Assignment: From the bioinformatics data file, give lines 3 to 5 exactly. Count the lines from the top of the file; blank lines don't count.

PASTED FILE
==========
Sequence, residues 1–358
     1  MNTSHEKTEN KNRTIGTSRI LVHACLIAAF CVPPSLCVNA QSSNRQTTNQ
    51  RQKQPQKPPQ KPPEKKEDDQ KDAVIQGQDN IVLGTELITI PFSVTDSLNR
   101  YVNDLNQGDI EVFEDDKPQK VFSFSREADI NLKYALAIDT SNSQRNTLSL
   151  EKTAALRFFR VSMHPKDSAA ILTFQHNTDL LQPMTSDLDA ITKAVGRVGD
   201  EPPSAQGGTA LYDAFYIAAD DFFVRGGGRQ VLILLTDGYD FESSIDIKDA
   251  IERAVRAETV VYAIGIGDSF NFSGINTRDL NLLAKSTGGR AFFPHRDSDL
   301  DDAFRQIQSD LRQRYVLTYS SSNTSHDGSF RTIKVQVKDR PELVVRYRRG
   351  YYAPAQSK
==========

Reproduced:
    51  RQKQPQKPPQ KPPEKKEDDQ KDAVIQGQDN IVLGTELITI PFSVTDSLNR
   101  YVNDLNQGDI EVFEDDKPQK VFSFSREADI NLKYALAIDT SNSQRNTLSL
   151  EKTAALRFFR VSMHPKDSAA ILTFQHNTDL LQPMTSDLDA ITKAVGRVGD